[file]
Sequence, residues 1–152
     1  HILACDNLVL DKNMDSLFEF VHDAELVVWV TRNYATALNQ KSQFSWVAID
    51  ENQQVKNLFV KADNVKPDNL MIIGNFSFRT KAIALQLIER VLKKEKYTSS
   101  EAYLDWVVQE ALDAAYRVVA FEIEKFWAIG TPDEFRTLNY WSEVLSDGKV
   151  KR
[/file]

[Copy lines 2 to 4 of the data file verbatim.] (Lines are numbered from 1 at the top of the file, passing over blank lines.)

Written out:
     1  HILACDNLVL DKNMDSLFEF VHDAELVVWV TRNYATALNQ KSQFSWVAID
    51  ENQQVKNLFV KADNVKPDNL MIIGNFSFRT KAIALQLIER VLKKEKYTSS
   101  EAYLDWVVQE ALDAAYRVVA FEIEKFWAIG TPDEFRTLNY WSEVLSDGKV